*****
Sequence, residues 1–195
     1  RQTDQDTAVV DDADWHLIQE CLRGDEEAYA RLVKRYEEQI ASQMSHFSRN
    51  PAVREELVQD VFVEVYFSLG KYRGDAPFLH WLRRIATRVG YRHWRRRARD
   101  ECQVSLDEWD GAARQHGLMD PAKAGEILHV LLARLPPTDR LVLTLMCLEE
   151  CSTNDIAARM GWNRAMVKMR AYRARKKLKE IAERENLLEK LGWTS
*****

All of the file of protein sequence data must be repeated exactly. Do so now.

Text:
Sequence, residues 1–195
     1  RQTDQDTAVV DDADWHLIQE CLRGDEEAYA RLVKRYEEQI ASQMSHFSRN
    51  PAVREELVQD VFVEVYFSLG KYRGDAPFLH WLRRIATRVG YRHWRRRARD
   101  ECQVSLDEWD GAARQHGLMD PAKAGEILHV LLARLPPTDR LVLTLMCLEE
   151  CSTNDIAARM GWNRAMVKMR AYRARKKLKE IAERENLLEK LGWTS